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Welcome to our health education library. The information shared below is provided to you as an educational and informational source only and is not intended to replace a medical examination or consultation, or medical advice given to you by a physician or medical professional.

Nutrition After SurgeryLa nutrici³n despu©s de la operaci³n

Nutrition After Surgery

Special Note: Be sure to follow any specific post-op instructions from your surgeon, nurse, or dietitian.

Some people feel a little nauseated after surgery. This is often due to medications, dehydration, or simply the stress of surgery. Don't push yourself to eat. Listen to your body and you'll know what to eat and when. If you were on a special diet (such as low-salt) before surgery, ask your doctor if you should follow it during recovery.

Start Slowly

  • Start off with liquids and soup. They are easier to digest.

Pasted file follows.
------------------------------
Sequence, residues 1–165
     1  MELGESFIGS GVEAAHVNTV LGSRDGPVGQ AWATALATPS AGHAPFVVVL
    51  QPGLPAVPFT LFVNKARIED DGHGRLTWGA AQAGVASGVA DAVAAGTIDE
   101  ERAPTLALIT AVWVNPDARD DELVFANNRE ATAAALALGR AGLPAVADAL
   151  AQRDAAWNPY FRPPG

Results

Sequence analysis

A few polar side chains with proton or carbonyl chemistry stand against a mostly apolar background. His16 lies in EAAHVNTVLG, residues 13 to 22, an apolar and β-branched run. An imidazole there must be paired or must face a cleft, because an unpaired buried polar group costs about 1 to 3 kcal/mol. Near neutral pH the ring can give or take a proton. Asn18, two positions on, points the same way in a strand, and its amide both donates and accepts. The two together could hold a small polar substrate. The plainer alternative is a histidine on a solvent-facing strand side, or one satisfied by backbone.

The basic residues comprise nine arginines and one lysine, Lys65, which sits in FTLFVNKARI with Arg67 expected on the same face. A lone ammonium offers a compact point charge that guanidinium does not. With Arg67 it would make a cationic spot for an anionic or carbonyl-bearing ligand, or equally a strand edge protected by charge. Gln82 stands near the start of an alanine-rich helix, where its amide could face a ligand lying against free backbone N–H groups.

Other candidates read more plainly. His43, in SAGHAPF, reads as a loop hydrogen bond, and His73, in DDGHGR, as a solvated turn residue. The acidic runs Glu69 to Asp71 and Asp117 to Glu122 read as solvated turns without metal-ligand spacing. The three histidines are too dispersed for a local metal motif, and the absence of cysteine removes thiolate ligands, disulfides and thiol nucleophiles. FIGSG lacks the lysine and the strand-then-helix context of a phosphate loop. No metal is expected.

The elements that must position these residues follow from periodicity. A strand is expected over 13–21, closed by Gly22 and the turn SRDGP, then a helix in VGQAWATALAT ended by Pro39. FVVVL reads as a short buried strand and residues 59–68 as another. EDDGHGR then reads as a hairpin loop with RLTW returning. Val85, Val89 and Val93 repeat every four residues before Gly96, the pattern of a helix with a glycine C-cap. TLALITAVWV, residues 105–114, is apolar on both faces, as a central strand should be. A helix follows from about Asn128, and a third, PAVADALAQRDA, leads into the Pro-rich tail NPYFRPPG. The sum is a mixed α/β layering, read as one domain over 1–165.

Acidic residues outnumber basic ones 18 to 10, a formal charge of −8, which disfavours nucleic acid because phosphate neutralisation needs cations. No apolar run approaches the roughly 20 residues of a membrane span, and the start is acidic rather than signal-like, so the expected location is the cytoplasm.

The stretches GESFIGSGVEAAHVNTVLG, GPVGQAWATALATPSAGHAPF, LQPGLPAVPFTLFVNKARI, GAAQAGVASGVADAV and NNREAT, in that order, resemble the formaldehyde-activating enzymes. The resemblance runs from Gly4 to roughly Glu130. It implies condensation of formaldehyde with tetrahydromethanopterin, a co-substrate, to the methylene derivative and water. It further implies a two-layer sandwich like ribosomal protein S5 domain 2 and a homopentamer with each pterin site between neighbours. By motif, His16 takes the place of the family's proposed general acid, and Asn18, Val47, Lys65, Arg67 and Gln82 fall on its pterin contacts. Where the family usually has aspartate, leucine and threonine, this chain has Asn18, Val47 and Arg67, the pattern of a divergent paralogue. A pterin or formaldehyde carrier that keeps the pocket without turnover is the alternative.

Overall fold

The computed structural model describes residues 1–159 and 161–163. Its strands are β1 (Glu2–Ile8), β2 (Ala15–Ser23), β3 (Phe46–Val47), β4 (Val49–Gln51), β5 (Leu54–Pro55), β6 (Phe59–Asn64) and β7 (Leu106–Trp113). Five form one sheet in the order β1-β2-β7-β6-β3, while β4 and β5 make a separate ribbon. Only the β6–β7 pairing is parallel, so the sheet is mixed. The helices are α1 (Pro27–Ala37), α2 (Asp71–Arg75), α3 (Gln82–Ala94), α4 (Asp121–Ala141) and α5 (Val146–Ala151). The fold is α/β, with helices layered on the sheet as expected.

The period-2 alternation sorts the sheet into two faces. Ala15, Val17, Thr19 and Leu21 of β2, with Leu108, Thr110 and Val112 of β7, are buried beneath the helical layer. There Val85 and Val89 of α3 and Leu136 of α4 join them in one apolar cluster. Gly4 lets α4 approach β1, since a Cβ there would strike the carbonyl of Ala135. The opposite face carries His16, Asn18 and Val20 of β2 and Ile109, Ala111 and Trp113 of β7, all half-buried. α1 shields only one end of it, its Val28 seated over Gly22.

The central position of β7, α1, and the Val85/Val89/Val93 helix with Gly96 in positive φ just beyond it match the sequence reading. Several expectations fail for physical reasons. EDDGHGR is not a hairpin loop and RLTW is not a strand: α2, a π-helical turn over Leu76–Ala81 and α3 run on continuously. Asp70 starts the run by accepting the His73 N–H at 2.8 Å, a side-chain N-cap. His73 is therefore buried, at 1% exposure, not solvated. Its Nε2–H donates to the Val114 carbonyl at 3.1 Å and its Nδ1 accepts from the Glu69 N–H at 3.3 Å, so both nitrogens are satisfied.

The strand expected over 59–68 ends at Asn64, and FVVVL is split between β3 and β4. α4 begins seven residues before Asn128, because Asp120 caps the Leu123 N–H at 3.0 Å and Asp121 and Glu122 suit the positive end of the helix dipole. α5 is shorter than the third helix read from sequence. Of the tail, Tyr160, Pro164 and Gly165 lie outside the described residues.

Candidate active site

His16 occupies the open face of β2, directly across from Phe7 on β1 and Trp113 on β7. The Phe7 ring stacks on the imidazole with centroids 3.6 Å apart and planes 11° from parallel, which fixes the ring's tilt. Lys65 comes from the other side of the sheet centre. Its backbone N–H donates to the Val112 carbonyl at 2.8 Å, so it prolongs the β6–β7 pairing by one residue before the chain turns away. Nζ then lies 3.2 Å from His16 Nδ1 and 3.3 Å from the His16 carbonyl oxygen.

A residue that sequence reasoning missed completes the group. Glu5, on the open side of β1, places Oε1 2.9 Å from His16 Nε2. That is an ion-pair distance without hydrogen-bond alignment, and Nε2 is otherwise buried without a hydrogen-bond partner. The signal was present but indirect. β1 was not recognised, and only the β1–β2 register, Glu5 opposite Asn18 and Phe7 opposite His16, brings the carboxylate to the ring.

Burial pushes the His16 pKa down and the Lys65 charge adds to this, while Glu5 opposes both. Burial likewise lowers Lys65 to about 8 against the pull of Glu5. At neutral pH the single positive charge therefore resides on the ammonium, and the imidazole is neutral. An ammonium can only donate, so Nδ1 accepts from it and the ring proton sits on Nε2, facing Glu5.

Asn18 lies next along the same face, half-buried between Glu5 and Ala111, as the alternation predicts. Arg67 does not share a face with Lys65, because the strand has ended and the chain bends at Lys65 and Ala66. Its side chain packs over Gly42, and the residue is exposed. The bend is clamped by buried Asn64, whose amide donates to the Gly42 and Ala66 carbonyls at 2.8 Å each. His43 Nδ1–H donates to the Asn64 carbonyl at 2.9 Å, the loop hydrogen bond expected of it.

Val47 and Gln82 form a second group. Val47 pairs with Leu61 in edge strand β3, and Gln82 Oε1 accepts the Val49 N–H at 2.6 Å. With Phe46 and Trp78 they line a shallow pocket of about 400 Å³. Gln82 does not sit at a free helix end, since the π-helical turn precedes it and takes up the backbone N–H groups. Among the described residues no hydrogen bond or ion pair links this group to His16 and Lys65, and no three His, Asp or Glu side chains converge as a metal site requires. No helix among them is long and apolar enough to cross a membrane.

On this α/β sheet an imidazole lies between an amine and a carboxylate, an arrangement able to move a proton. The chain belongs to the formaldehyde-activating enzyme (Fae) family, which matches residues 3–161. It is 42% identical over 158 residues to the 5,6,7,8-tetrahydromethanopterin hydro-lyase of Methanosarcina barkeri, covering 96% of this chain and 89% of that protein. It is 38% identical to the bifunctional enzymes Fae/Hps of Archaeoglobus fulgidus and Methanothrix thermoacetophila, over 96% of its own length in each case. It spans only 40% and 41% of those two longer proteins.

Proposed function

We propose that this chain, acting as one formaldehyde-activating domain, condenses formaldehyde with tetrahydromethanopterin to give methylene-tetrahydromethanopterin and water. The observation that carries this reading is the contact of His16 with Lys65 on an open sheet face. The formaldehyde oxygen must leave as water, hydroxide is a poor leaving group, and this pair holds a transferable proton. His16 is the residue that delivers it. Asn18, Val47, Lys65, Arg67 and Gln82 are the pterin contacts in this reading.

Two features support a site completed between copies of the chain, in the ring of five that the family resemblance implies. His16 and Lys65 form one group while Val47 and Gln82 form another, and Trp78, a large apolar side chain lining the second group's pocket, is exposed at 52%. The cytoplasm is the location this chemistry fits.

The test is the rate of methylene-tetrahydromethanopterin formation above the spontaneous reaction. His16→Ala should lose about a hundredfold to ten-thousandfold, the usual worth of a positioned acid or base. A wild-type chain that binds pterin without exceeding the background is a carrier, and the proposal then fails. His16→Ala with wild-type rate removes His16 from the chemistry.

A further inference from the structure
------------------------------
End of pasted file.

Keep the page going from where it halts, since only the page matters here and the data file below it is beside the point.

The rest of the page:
• Progress to semisolids (mashed potatoes, applesauce, and gelatin) as you feel ready.

  • Slowly move to solid food. Don't eat fatty, rich, or spicy foods at first.

  • Eat smaller amounts, more often.

Drink Fluids

  • It's normal to lose fluids during surgery. Rehydrating your system helps you feel better and balances the chemicals in your body called electrolytes.

  • Unless told not to, drink at least 6 glasses of clear liquids (such as water, apple juice, or ginger ale) a day.

Good Nutrition

  • Good nutrition helps your body build tissue and heal wounds.

  • Eat a low-fat, high-protein diet.

  • High-protein cereal, fish, and chicken help repair tissue affected by surgery.

Date Last Reviewed: 2007-01-15T00:00:00-07:00

Date Last Modified: 2007-11-15T00:00:00-07:00

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